epitome of incomprehensibility
I like this. From the entry on "dérive" in David Macey's Dictionary of Critical Theory (for fun, I am reading all of it):
"The theory of psychogeography, which was never entirely serious, inspired the Situationists to make exquisite maps of cities like Paris by cutting up existing maps and reassembling the fragments [...] Although these maps are extremely beautiful, it is impossible to use them to navigate one's way about Paris, as the important sites are separated from each other with white spaces, and there are no directions to indicate how they can be crossed. The very strange walks through London recorded in Iain Sinclair's Lights out for the Territory (1997) are motivated by a similar theory of dérive and psychogeography."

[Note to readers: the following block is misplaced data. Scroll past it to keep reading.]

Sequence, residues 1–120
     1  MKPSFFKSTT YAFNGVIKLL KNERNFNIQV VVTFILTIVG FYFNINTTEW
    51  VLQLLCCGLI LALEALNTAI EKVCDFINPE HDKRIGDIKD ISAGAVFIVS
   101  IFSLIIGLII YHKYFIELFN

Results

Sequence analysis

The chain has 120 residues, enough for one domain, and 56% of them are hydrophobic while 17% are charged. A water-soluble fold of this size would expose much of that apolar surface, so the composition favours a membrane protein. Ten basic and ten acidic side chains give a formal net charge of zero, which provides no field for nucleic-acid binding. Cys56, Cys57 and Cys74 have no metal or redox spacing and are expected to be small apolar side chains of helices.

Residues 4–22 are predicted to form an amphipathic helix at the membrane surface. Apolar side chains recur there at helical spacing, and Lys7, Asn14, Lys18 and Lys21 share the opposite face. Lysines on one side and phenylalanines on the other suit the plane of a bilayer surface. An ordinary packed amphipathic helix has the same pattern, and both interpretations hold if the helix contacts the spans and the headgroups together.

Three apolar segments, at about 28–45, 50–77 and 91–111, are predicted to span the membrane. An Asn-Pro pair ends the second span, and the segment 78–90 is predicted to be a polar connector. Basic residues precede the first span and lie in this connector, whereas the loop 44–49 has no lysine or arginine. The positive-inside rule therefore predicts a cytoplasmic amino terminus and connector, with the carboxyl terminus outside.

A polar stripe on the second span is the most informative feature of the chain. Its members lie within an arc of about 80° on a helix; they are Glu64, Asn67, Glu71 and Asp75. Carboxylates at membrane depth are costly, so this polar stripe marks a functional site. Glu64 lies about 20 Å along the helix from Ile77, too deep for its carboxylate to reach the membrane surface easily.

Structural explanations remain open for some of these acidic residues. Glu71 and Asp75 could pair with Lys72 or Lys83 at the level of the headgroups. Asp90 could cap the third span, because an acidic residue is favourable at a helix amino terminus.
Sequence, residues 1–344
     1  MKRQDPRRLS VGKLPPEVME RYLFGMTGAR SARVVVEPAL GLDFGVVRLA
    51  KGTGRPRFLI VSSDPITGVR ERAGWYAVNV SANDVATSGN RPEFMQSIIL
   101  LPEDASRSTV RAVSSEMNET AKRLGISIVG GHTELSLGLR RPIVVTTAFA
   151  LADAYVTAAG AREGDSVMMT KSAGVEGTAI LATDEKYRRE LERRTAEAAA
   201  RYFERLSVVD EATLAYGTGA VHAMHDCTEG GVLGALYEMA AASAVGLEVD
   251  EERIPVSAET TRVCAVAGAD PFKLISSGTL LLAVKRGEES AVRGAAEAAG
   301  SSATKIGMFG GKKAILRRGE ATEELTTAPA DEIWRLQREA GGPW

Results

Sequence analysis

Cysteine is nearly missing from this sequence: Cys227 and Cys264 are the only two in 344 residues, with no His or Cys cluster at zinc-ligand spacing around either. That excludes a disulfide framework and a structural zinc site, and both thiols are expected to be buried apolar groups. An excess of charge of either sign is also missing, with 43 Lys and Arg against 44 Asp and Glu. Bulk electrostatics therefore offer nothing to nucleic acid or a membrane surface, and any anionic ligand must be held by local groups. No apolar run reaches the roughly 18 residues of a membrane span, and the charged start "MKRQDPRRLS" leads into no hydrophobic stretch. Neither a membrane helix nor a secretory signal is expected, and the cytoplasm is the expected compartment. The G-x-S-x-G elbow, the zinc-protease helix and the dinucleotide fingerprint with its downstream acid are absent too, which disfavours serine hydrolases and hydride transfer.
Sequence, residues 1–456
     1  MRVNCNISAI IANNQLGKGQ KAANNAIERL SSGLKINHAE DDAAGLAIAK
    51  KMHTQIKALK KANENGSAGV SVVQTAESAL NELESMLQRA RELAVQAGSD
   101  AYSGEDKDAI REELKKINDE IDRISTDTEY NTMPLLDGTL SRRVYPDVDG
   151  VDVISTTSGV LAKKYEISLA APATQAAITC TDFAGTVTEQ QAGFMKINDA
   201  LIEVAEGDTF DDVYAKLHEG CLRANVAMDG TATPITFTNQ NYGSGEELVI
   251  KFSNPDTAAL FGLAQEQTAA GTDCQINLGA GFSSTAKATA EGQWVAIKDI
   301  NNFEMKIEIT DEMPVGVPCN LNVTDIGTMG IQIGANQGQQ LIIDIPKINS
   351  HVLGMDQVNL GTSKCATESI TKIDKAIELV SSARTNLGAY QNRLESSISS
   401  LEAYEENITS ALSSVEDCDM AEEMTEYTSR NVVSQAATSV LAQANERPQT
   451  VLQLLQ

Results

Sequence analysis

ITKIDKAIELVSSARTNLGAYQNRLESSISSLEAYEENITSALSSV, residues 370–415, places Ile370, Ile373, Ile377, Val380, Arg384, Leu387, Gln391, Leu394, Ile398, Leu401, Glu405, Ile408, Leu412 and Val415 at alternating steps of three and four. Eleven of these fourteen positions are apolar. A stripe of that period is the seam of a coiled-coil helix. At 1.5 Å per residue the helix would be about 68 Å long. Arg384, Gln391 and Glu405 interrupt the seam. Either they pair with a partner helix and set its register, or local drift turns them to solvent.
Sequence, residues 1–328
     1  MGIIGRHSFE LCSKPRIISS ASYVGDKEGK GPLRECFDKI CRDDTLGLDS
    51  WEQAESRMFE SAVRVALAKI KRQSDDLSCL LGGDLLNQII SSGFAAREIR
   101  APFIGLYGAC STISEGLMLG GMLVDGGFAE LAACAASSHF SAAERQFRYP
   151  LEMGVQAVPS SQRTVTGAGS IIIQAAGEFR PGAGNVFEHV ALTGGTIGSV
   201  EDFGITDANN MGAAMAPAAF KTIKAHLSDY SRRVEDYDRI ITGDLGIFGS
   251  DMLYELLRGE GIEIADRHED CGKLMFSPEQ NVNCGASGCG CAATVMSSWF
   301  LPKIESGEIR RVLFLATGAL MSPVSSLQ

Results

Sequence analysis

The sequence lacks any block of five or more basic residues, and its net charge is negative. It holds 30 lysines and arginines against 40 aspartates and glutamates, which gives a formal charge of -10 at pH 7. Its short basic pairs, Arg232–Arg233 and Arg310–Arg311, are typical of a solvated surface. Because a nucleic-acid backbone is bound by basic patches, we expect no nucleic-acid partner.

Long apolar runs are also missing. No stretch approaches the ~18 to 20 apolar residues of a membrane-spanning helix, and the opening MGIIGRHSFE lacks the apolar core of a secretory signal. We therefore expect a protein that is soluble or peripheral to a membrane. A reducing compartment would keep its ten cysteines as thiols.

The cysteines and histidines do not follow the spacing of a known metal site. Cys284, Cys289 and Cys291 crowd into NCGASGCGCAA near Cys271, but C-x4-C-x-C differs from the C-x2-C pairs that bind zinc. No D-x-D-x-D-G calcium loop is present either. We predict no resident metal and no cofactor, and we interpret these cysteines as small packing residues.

Has anyone read anything by Iain Sinclair? I know I've heard the name. Oh, yes, and dérive means drift... to drift through the city and let it take you to the places you feel drawn to, psychogeography; seems like (non-seriously) the emo branch of surrealism. The idea reminds me of Louis Aragon's Paris Peasant, which I didn't finish - it would've been more interesting had I known Paris well, I think - or some parts of André Breton's Nadja.
(Nadja is another character who subverts the manic_pixie_dreamgirl type, I think. Not that it existed as such in 1928, though the idea of the woman as surrealist muse might have been a precursor.)